7 posts categorized "French New Wave"

September 20, 2017



ColesmitheyThere is beautiful chemistry between the legendary 88-year-old French New Wave filmmaker Agnes Varda and JR, the youthful French photographer who cares for Varda as a loyal would-be grandson of artistic intentions. JR and Varda share directing credits for this disarmingly sweet and poignant documentary that plays more as a docudrama due to the circumstance of uncertainty regarding Ms. Varda’s health.

The movie is a nuanced sociological study of French culture. Needless to say, the amount of pretense on display is near zero. Think of it as neo-realistic French New Wave ethnographic study in B minor. The personal and artistic elements are articulated to their fullest — a rare cinematic, event to say the least. It doesn't hurt that JR and Agnes Varda are two of the most endearing human beings you'd ever want to spend two hours of your life with. 


The harmonious pair of inspired film-project pals travel to small towns in France in a Mercedes Benz truck decorated to resemble a giant camera. Already we are in a filmic world. The sides of JR’s fancy mode of transportation includes a photo booth where locals are photographed. The truck then prints out black-and-white portraits on gigantic sheets of paper that JR pastes to the sides of buildings to create dramatic personalized statements about the significance of human faces and truth.


Although Varda’s vision is constantly blurry due to an eye condition, she complains about JR’s proclivity for always wearing sunglasses. She wants to see his eyes. But it is clear that JR separates himself as an artist from his subject so that your attention can focus on the art rather than the artist.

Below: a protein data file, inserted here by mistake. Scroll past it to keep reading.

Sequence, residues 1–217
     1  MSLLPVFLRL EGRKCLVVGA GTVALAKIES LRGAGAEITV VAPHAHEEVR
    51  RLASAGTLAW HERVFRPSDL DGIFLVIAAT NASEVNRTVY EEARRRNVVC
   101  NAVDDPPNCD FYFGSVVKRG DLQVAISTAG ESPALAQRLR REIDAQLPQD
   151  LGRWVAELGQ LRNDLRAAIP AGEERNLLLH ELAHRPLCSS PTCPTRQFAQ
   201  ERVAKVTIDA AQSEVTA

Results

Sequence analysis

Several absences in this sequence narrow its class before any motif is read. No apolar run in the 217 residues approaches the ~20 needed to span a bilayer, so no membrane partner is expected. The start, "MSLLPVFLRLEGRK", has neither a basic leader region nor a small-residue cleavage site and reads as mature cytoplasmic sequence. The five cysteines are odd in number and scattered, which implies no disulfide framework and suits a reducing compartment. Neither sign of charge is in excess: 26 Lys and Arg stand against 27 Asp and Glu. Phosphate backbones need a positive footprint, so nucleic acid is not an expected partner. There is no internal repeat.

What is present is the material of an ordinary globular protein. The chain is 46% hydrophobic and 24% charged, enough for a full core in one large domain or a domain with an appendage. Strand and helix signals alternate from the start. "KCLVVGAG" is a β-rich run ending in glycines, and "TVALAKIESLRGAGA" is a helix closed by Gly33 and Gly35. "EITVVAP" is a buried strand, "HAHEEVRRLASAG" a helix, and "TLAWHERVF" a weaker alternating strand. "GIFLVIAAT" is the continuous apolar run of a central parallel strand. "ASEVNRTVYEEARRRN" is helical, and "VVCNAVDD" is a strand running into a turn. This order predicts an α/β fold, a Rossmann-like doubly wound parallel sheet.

Cole smithey

“Faces Places” is a film you discover and revel in the joy of its simplicity, patience, and naturalistic discourse. Like all of Varda’s films, this one is special. It won this year’s L’Oeil d’or at Cannes for good reason. If you only see one film at NYFF55, “Faces Places” is the one to watch.


Not Rated. 89 minutes. (A) (Five stars — out of five / no halves)

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June 19, 2017



La-pointe-courteAgnes Varda was ahead of the curve in paving the way for the French New Wave. Her 1955 debut is a delicate balance of Bergman-inspired formalism mixed with neo-realistic elements to form a mature depiction of a young married Parisian couple visiting the young man’s hometown for the first time.

'La Pointe Courte' takes its title from the neighborhood in the fishing town of Sète in the south of France where the young pair come to grips with a relationship that may be headed for divorce.

Although not the most picturesque seaside village, the community operates with an anti-authorial mindset that nonetheless adheres to strict social codes of conduct. The sense of tradition and identity is pronounced in things like the way women neighbors chat while hanging their laundry. Agnes Varda's eye for detail focuses on the abstract, the concrete, and the poetic. Life has a value here that is simple but defiant. The tone and pacing take on a hypnotic quality that puts the viewer in a filmic trance. 


Philippe Noiret and Silvia Monfort took no payment for their performances as the couple whose marital issues find context against the social backdrop of a tiny community populated with feral cats. When we see a dead cat floating in the shoreline, it registers as a surrealistic grace note out of Luis Buñuel's dialectic of natural absurdity. It's enough to make you believe that Agnes Varda initiated the French New Wave single-handedly with this unforgettable film.